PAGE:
One of my favourite autumnal sounds is wind sighing through trees and the rustle of falling leaves as they flutter earthwards, all very calming and soothing, especially in the present circumstances.

But in late autumn and early winter, sounds emanating from the natural world may be somewhat muted compared with other seasons

Apart from contact calls among birds and the occasional shriek of a jay foraging for acorns there is no birdsong.

We may have to wait until the end of this month to hopefully hear the initial musings of thrushes and blackbirds.

However, what concerns me is the absence of blackbirds in my area. Normally there would be a pair on my lawn (Pictured) most days searching for worms but I've not seen any for several weeks.

There is no garden robin either, usually an ever present in my garden but sadly not this autumn.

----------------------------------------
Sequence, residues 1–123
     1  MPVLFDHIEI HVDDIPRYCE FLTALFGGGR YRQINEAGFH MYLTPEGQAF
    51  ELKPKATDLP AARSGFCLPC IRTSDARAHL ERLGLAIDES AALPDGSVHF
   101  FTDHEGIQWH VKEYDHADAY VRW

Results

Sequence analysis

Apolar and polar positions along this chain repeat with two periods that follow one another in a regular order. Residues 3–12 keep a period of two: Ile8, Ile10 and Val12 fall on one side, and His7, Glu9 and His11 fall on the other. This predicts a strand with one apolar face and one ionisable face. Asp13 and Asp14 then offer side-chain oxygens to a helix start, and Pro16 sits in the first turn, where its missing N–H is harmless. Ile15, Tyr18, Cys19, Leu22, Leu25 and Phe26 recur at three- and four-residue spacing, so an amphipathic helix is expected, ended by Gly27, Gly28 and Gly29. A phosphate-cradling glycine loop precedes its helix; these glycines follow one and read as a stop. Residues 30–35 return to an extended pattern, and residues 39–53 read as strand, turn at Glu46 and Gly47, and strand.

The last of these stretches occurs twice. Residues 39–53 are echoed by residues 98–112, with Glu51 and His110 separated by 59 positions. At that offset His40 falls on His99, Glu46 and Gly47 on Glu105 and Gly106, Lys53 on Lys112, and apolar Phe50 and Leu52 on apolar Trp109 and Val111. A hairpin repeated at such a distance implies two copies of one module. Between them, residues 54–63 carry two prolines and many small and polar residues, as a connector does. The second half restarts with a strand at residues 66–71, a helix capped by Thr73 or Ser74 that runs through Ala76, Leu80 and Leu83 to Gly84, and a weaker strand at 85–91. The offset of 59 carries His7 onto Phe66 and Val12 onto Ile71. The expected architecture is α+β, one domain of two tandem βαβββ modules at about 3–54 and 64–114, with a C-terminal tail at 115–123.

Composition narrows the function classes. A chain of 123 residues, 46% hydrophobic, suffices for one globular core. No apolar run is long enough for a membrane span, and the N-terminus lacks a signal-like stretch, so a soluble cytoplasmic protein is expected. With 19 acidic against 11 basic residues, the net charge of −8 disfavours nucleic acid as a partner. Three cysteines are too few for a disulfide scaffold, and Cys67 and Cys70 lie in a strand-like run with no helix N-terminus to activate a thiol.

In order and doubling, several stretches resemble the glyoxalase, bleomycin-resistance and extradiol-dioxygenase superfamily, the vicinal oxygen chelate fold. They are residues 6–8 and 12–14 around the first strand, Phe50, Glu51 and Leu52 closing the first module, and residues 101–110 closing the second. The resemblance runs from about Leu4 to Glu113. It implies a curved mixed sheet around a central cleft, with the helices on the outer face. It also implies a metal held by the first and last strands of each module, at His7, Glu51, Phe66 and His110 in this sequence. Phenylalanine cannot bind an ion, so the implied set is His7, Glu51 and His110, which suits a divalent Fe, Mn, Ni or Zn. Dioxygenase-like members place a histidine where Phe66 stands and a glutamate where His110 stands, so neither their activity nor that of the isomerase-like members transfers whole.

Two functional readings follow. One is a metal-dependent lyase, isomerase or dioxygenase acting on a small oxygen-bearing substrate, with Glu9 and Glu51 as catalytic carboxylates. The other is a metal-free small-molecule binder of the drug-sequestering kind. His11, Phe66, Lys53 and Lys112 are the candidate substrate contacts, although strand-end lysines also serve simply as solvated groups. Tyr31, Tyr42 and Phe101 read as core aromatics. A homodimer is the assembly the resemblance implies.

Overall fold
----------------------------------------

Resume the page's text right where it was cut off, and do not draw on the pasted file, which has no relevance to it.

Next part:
The loudest bird with its repetitive yelping notes is the rose-ringed parakeet whose population is unfortunately escalating out of control.

The vocalisation of deer in the Royal Parks is lessening now as the rutting season draws to a close. But any time now we will begin to hear the' wow-wow-wow' calls of dog foxes and the answering banshee reply of vixens during the night as their mating season begins.

Another sound we may possibly hear, if the weather turns mild , is the croaking of frogs, for sometimes they awake from hibernation briefly although spawning will not take place until February at the earliest.